One of last month’s adventures was a wine blending course at Urban Winery in St Peters.
Things I had no eyed deer about Urban Winery:
- I had missed out on getting my name on a vat of wine
- You can take away your own blended wine and labelled bottle
- If you buy a barrel you can be involved in the wine making process from helping crush the fruit at the winery to bottling your own wine
- How to predict whether your lips will go black when you are drinking red wine
Opened earlier this year, Urban Winery lays claim to being the first fully-functioning city based commercial winery in Australia. It is a great space where you can learn about the wine making process, blend wine, get your own personalised barrels and labels, or simply just taste the wine.
The first thing that struck me when I arrived was the amazing warehouse space, crammed with wine barrel upon wine barrel and an extremely long dining table. After watching the movie Ghost I’ve always wanted a New York warehouse style apartment and whilst we waited to get started I sat visualising how I would arrange my furniture should this be my home and how big the parties would be. Urban Winery sits in Precinct 75, a former Taubman’s paint factory, established in the 1900s. Its neighbours include a micro-brewery, an upcycled goods studio and excitingly an Axe throwing centre Maniax, which I made a mental note to try another time.
All wine is made on site and the tour starts with Alex Retief, the founder, explaining the process of wine making and role of the various machines and tanks. I was disappointed to realise that I had missed the opportunity as part of Urban Winery’s Pozible campaign to get my name on a plaque on a tank of wine. Beats a name on a park bench any day!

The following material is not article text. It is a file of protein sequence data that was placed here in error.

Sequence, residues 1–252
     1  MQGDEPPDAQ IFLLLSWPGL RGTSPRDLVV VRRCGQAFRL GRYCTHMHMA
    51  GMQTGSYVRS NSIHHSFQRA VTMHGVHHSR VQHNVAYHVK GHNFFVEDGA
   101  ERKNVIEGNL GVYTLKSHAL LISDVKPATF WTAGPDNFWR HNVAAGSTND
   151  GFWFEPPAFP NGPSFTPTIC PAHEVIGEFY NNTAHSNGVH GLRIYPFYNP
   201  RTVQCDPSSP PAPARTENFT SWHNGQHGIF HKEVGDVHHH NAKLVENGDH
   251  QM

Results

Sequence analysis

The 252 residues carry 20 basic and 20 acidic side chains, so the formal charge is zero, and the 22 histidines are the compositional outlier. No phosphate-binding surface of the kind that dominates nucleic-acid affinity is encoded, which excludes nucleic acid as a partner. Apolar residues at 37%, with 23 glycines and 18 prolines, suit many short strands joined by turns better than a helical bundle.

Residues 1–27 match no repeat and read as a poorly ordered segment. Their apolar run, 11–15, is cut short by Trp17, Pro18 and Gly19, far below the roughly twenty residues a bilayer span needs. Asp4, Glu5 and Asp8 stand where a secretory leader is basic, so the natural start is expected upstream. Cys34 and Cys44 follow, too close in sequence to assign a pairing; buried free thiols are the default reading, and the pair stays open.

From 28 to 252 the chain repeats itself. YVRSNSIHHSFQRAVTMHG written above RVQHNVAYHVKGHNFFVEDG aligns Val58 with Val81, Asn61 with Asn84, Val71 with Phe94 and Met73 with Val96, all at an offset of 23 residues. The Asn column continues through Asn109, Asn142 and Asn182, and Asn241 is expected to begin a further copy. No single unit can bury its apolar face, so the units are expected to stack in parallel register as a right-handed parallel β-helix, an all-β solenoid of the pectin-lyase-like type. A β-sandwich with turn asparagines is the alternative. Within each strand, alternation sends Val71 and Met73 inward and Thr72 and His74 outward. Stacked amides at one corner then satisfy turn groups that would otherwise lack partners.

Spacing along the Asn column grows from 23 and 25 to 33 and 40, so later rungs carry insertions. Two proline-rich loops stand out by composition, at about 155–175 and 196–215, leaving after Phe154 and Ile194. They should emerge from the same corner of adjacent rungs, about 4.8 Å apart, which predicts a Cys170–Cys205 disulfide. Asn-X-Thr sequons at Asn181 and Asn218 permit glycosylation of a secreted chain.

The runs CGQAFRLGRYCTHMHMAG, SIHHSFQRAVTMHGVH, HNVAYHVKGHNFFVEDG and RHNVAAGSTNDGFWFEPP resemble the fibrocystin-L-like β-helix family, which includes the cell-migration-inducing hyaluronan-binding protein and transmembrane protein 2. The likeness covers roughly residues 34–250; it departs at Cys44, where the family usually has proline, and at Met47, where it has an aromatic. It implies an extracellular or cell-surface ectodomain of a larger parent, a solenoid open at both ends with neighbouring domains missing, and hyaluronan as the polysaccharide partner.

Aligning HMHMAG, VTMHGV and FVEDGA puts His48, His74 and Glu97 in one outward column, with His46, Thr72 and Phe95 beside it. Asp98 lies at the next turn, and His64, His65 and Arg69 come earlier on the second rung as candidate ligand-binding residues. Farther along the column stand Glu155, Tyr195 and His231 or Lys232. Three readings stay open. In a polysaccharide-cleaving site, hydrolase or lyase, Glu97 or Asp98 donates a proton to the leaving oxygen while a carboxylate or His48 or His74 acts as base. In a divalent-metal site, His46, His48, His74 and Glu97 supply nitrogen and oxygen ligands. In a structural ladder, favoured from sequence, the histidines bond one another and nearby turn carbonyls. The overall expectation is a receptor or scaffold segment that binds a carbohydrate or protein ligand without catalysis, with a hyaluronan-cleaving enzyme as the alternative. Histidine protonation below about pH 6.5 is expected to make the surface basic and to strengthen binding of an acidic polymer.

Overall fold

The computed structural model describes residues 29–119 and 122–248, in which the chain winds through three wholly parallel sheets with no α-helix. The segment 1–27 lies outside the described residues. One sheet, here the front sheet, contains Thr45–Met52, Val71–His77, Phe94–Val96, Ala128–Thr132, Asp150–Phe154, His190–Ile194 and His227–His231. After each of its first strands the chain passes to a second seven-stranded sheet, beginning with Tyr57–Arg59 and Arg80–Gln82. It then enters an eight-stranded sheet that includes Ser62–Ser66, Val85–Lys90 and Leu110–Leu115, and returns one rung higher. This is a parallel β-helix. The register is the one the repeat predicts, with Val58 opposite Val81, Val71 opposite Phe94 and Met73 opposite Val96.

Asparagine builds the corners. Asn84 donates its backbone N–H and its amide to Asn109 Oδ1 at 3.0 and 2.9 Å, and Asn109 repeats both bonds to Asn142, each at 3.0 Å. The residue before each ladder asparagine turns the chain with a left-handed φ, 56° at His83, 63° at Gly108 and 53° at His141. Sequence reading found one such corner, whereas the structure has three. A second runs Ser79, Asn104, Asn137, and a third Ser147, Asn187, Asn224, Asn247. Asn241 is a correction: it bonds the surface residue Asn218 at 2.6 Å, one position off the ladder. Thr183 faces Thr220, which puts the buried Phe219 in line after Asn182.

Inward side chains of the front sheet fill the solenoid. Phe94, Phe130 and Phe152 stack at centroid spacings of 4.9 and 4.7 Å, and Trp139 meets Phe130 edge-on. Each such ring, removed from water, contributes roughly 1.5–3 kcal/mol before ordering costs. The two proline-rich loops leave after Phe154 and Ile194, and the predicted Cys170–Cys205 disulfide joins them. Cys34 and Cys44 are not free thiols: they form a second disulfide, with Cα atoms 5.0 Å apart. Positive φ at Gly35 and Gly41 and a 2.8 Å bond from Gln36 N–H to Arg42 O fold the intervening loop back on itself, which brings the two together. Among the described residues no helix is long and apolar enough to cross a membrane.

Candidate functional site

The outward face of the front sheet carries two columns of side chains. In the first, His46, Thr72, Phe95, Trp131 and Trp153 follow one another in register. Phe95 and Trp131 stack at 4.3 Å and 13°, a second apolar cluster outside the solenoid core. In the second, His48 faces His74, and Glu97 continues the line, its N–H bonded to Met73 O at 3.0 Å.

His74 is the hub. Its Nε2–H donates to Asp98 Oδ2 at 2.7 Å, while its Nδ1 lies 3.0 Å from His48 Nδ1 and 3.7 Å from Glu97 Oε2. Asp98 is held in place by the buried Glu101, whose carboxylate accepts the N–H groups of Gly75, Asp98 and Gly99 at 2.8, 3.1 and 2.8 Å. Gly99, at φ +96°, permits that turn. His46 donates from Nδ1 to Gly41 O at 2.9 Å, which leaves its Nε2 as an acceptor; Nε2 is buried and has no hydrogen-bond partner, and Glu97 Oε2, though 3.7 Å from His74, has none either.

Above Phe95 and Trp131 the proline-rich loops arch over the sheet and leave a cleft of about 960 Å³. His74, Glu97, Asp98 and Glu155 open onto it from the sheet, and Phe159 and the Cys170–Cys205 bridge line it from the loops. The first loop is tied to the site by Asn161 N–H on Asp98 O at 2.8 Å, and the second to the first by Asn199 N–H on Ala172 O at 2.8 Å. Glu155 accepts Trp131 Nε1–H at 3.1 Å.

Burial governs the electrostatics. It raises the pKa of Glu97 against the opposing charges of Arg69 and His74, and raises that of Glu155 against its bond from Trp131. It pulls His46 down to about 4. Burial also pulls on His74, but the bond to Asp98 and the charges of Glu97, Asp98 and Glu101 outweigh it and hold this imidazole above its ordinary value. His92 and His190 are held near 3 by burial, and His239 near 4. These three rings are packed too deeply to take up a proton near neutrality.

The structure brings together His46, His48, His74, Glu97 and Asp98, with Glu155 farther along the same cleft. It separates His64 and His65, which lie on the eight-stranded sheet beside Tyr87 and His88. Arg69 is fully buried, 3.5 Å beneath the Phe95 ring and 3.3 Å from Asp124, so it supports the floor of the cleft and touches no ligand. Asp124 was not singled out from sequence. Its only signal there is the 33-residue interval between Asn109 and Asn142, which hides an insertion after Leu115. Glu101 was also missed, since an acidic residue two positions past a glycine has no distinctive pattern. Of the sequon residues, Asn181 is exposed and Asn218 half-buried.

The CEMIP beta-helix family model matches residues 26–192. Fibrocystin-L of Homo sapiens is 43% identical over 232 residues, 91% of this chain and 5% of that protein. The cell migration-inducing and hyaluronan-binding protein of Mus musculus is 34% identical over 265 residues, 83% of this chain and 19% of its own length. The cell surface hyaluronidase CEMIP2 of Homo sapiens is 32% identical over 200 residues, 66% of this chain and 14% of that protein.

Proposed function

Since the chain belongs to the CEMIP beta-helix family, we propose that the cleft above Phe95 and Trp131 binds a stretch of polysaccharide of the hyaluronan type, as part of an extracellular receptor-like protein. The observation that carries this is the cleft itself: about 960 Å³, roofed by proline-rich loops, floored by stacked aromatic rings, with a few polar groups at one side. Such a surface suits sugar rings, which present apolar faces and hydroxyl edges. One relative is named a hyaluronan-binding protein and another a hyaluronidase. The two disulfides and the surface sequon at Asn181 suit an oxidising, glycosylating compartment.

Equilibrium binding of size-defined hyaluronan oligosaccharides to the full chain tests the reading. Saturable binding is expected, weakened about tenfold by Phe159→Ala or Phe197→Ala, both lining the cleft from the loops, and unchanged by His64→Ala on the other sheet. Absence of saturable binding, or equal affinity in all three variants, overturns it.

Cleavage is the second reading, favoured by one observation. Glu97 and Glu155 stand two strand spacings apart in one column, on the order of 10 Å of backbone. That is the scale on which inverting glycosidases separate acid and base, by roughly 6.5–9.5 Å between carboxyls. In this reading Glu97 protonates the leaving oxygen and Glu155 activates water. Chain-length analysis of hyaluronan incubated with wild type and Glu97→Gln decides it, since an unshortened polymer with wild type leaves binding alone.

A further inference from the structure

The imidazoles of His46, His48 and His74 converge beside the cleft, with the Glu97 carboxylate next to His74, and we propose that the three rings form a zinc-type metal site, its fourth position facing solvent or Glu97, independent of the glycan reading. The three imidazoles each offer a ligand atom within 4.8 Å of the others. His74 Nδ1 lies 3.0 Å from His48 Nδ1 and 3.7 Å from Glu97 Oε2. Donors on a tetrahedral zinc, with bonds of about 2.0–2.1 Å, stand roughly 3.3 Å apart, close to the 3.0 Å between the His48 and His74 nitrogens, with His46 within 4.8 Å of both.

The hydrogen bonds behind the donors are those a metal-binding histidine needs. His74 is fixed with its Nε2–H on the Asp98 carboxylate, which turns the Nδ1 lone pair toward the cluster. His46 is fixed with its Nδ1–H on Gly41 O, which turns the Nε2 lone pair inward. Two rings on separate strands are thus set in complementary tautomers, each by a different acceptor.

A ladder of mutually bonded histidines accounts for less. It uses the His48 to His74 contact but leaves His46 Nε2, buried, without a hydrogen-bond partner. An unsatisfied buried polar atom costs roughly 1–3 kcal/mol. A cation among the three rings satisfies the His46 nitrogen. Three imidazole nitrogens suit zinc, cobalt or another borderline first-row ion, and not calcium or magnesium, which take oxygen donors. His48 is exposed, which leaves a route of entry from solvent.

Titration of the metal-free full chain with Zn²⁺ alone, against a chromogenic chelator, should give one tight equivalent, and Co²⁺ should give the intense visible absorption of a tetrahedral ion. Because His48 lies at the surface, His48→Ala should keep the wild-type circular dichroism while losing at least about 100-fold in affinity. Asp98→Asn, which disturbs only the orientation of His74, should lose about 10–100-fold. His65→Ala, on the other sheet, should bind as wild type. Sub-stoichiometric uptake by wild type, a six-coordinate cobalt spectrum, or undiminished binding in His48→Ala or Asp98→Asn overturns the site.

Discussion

Alex explains that Urban Winery cold picks grapes from three places overnight, Tumbarumba, Gundagai and the Hilltops. They are then brought in fresh to the city – leading to the unique inner city winery quirk of sometimes requiring the drivers needing to take a break at Pheasants Nest in order to respect St Peters local residents’ peace and quiet in the early hours. The winery will process about 50 tonnes of grapes over the course of a year.
Next, we got down to tasting a variety of red wines. This is where I learnt something I just can’t now unlearn – where on the tongue we taste certain flavours: Tip of the tongue for sweetness, the back and middle for a more acidic taste, and tannins give you that hairy tongue sensation. The latter is definitely good to know as I took the opportunity to ask Alex my favourite question “why do some wines turn your lips black?” The answer he gave was tannins, so now I know that if I get that sensation whilst drinking I need to check a mirror. Now I’m aware of these sensations I think my friends are getting a little annoyed by my David Attenborough style commentary on where on my tongue I am tasting whatever I am eating.
Next we learn about blending, and start experimenting with wine and test tubes. This is a rather more sophisticated version of blending than that which I practised in my university days – turning up to parties and pouring several bottles of cheap wine into the same bucket. This is the point in the workshop where initial trepidation turned into quiet concentration around the room: quiet concentration that rapidly turned into competition at the judging stage, with an almost Masterchef style flurry of activity at the end to mix one more blend that may be the winning one.
The blind judging increased my admiration for those who make a living out of tasting wine. I have to admit that I had tried a lot of wine by that point and making an educated assessment was difficult. However, I was impressed that I did spot my own blend in the pack.
At the end of the session we had the option to buy our own blends with our own labels. I would love to do this another time, but having had a few wines I didn’t trust my taste judgement on this occasion. I did instead leave with a bottle of ARetief Petit Verdot – my new favourite tipple.
As well as blending wine, if you buy a barrel you have the option to get more involved in the wine making process –from crushing the berries to bottling.
Alex is introducing a number of exciting new events in future months including a potential blending for singles event.
I booked the blending workshop via We Teach Me on this occasion, but it can be booked direct.
If you are in Melbourne, also check out people-powered urban winery Noisy Ritual where you can stomp, press and bottle your own wine.
This is not a sponsored post. This represents my personal opinion.